This week, the SC committee met in the historic city of Charleston in South Carolina. This was another so-called “Turnover” meeting. As I explained in this post, in a “turnover” meeting the outgoing SC committee (SC16 this time) meets with the now-in-charge committee for this year’s conference (SC17, so my committee!) to exchange ideas and experiences, discuss issues and problems and suggestions how to fix them for the next conference. This is one instrument SC uses to ensure quality and continuity over the years although the organizing committee changes from year to year. The Turnover meeting is traditionally in a “warmer” location (as it is always mid to end of January), and Charleston did not disappoint us in this regard: we had nice spring temperatures, wore T-shirts during the day, and one evening was even so warm , we could sit outside for a round of drinks after dinner.
Luckily, no major issues happened during SC16 in Salt Lake City, so in the meeting we concentrated on discussing and fixing minor subjects, for example how to improve the double-blind review for technical papers, the child-care room, and the online program available as mobile website instead of a separate smart phone app; all items which were introduced at SC16. Other topics included selecting the final submission deadlines for technical program elements or the communication strategy for the rest of the year. Although this was already the 5th planning meeting for SC17, it felt different this time, now my committee and I are really in charge, as we have to organize this year’s SC conference. We still have 10 months to accomplish this task, but everyone knows how time flies when you are busy 😉 Anyhow, the more planning meetings we have, the more I am convinced I picked the right people for my committee and that we will deliver the best SC conference ever!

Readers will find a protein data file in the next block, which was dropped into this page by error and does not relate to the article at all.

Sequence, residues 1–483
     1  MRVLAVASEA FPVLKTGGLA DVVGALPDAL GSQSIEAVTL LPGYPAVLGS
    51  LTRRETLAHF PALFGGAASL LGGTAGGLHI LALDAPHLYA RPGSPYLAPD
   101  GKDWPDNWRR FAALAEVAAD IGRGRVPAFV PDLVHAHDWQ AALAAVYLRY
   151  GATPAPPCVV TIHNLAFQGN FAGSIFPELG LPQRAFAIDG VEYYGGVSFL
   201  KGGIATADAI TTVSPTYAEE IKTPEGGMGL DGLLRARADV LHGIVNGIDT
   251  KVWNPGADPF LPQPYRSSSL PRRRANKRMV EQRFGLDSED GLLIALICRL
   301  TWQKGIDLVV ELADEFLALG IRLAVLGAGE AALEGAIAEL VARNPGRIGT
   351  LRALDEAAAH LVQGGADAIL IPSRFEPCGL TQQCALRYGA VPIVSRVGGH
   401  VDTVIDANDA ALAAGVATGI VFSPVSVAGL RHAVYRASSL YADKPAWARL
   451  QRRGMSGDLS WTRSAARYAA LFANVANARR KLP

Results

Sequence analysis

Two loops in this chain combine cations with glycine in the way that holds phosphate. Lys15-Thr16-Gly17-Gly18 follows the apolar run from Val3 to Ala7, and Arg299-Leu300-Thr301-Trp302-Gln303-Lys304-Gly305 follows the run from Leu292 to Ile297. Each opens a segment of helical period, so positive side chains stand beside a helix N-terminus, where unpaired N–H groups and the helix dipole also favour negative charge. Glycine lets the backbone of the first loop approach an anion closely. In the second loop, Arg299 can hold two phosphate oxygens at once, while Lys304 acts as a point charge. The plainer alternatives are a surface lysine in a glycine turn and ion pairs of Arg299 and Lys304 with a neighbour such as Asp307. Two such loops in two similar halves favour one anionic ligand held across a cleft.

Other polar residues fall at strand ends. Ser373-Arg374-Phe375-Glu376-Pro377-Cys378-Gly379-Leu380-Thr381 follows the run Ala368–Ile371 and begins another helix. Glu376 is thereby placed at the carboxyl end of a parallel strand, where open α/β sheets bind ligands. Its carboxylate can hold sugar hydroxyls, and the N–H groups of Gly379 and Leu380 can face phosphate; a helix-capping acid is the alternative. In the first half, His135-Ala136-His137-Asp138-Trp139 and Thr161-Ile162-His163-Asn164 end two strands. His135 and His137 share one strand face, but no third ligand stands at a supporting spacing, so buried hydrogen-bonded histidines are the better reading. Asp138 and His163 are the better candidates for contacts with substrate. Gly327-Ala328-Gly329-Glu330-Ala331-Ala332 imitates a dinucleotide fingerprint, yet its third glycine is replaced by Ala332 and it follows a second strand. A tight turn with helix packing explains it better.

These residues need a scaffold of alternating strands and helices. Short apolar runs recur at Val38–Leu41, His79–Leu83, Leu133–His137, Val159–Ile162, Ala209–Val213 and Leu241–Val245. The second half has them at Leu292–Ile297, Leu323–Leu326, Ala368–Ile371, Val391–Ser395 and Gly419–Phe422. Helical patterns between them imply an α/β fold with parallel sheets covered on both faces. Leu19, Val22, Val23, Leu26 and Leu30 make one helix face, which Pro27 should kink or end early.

In the evenings, we had time to explore the excellent restaurant and bar scene of the city. One bar was especially interesting: it had the custom that guests sign a one dollar bill out of the tip and glue it to the wall:
The weekend before, I had the chance to visit the in Congaree National Park, the largest intact area of old growth hardwood forest remaining in the southeastern United States. The forest gets flooded every winter by the Congaree and Wateree Rivers. This together with perfect temperatures through-out the year make the park home of many national and state champion trees.
Visiting the park in Winter means that it is not as green and pretty as in Summer, but if you are lucky you can experience some of the flooding. In order to make this possible, many miles of the hiking paths of the park are actually elevated wooden board walks. But the best part is that in Winter there are no mosquitos; I got told that some parts of the year, the mosquito situation is so bad that you are only allowed to hike in the park with special protective gear!